SITREP 22/2017

June 14, 2017

Inside this issue:

  • e-Recalls initiative – update #1

e-Recalls initiative – update #1

SITREP 19 reported on our in-principle agreement with the Department for an electronic recall system, and on some of the differences between management’s proposed system and ours. Feedback from members in the fortnight following has caused some tweaks to our proposal, which have since been put to the Department, but negotiations continue and we remain open to further member input.

The Department has attempted to respond to our criticism of its system’s need to override/ignore recall lists if the recall distance is “too far” by offering to automatically approve any recall if the return distance involved is 30km or less, however this remains inequitable and unfair. For example, there are 23 stations within 15 km of 27 Parramatta and 38 stations within 15km of 22 Leichhardt, but only 4 stations within 15km of 87 Rosemeadow and only 1 station within 15km of 75 Berowra.

The Department’s system remains unable to produce a recall list because it cannot tell know how many kms are involved with each recall until it actually arises. The Union is calling for published lists because (a) they are transparent and (b) they give members a reasonable idea of your chances of actually getting a recall, and therefore whether or not to put your (off duty) life on hold. For example, under the Department’s system a member at 76 Bondi could be number 1 on the list for a recall at 11 Woollahra but number 30 on the list for a recall at 86 Penrith and they’d never know until they’d either got the recall at 11, or received a message saying they’d been overlooked for 86 due to excess kms.

The Union is proposing to overcome these problems by replacing km payments with a universal $37.50 Recall Allowance, thereby removing the need for Duty Commanders to override a list for excess kms and allowing every member to see exactly where they are on that day’s recall list. Members could perform a recall 100km away, or at their own station, and be paid the same $37.50 Recall Allowance for either, and overtime would be shared across the entire job rather than across the zone only.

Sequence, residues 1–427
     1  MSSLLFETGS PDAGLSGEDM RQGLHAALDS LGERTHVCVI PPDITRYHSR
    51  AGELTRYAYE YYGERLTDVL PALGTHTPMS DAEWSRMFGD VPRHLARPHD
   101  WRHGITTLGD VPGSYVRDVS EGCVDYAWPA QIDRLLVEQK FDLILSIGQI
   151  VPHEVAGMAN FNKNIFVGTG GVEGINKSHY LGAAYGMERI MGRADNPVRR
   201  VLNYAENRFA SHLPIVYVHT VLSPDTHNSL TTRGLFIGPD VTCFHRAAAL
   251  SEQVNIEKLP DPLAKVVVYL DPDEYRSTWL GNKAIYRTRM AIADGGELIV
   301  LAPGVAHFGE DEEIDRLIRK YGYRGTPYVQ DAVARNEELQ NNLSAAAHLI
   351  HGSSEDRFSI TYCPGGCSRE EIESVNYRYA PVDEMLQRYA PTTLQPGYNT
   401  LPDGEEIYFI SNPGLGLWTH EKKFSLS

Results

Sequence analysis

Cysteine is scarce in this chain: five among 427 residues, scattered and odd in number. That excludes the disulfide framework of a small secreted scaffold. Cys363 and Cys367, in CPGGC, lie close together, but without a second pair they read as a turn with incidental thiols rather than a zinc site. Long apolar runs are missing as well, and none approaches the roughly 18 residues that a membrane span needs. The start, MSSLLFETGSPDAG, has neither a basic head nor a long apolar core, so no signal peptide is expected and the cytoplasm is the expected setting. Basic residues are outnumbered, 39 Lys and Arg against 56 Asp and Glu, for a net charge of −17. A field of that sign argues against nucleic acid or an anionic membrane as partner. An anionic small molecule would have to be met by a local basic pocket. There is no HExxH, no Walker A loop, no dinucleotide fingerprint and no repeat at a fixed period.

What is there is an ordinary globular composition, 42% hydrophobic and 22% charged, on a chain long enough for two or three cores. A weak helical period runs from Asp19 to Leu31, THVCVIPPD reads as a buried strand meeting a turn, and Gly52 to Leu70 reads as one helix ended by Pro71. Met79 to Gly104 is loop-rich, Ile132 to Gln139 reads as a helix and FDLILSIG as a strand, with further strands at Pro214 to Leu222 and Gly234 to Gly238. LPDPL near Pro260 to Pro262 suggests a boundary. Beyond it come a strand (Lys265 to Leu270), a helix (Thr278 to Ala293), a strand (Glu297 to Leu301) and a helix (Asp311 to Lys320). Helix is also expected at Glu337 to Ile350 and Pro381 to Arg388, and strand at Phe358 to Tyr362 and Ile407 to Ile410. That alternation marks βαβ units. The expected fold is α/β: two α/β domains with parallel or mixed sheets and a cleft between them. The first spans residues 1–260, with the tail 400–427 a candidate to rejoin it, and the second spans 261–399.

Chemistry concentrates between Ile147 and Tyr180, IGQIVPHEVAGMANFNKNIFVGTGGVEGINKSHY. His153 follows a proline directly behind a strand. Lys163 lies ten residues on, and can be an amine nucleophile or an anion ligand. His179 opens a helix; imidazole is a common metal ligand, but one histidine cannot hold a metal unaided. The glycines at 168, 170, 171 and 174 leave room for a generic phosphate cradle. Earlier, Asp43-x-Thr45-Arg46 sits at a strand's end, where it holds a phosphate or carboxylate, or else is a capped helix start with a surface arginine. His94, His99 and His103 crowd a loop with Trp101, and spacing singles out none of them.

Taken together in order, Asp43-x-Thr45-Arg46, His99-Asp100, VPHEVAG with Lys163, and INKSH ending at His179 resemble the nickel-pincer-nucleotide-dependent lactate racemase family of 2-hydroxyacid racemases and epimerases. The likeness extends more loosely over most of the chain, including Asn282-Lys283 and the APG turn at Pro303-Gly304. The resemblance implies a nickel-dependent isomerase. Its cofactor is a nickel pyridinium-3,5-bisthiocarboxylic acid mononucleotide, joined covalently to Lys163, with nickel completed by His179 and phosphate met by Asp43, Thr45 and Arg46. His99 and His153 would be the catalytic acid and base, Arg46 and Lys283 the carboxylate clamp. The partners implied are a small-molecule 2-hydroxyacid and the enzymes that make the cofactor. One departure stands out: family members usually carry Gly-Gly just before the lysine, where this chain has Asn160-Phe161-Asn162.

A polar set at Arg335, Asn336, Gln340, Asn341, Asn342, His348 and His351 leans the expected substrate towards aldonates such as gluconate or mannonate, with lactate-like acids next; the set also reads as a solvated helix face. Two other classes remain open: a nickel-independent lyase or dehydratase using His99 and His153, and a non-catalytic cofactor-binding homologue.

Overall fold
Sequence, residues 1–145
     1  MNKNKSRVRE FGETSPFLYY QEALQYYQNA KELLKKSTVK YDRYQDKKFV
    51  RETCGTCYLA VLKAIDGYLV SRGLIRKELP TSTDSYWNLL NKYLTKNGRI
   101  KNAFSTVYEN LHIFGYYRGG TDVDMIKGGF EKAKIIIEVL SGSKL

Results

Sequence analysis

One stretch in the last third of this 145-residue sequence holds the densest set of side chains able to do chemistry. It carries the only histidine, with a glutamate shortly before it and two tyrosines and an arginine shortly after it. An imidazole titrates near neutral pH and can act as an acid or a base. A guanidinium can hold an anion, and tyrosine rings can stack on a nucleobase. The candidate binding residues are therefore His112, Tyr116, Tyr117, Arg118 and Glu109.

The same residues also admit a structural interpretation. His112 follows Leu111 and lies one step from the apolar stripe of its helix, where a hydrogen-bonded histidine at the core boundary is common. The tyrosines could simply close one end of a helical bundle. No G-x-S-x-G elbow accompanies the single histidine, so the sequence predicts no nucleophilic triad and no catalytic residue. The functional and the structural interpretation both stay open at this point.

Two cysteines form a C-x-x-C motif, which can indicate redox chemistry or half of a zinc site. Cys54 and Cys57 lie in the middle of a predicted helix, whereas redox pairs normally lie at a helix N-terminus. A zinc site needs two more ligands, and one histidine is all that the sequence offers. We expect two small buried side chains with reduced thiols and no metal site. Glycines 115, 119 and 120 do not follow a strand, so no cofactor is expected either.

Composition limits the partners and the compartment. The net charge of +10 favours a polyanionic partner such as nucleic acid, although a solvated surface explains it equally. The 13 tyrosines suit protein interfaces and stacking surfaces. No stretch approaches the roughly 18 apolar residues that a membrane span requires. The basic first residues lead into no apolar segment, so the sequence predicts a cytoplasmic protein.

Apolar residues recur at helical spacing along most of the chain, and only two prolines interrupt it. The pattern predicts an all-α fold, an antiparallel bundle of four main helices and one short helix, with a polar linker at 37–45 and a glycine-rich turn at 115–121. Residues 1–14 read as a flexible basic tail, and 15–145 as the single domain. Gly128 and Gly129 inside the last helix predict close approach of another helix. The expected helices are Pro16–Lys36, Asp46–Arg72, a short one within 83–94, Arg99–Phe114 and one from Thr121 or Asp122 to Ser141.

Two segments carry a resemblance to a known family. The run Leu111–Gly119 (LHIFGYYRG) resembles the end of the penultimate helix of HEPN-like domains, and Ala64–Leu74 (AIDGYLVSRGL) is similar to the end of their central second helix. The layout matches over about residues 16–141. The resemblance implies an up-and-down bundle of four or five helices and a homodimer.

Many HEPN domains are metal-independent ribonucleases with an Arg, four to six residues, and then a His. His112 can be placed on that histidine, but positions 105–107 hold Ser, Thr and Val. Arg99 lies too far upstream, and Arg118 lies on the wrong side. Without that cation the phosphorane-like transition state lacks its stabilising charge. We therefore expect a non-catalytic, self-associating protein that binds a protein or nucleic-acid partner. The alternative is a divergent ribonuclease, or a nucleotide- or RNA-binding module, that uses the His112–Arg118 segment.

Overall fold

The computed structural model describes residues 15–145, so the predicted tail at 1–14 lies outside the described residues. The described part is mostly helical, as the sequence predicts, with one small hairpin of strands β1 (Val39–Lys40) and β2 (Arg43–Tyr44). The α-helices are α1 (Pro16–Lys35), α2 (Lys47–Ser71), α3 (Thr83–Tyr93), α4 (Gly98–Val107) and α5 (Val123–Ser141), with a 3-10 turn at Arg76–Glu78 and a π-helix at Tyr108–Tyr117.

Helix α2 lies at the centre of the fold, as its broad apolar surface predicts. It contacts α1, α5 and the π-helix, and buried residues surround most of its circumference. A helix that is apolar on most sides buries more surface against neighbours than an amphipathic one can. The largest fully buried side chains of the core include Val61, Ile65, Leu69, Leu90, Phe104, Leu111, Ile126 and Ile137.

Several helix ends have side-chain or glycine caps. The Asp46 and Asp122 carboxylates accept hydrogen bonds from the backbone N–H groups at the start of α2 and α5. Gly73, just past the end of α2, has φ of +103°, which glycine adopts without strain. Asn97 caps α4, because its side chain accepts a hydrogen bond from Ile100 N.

A Recall Allowance (which would require approval by an SGM) improves on the Department’s proposal by making the recall system more visible and objective. We have abandoned (for now at least) the SMS notification of our earlier proposal and adopted the Department’s system where members nominate the date(s) and time(s) they are available for recall, so the system would work like this:

  1. Members would nominate the dates and times they were available for recall (ie, the same as the Department’s system), but there would be no need to nominate where you were prepared work.
  2. A single “live” list of all of the members available for recall each day would be visible by all members through SAM. Each list, which would be ordered by the overtime hours worked, would be continually updated according to the members who joined or withdrew from that day’s list.
  3. A single officer at a central point (this could be the Relay Officer, a rotating Duty Commander or a firefighter on alternate duties) would receive the recall list from SAM asap after the change of shift and commence calling members by order of that day’s list. The first member on the list would be offered the choice of all of the available recalls, which would be explained by both location and duration, for example. “there are four recalls available – 6 hours at 12 Balmain, 10 hours at 8 Liverpool, 12 hours at 503 Wollongong and 22 hours at 45 Miranda”. If the member elected to take the 22 hours at Miranda then the next member would be called “there are three recalls available – 6 hours at 12 Balmain, 10 hours at 8 Liverpool and 12 hours at 503 Wollongong”, and so on until all of the recalls were filled.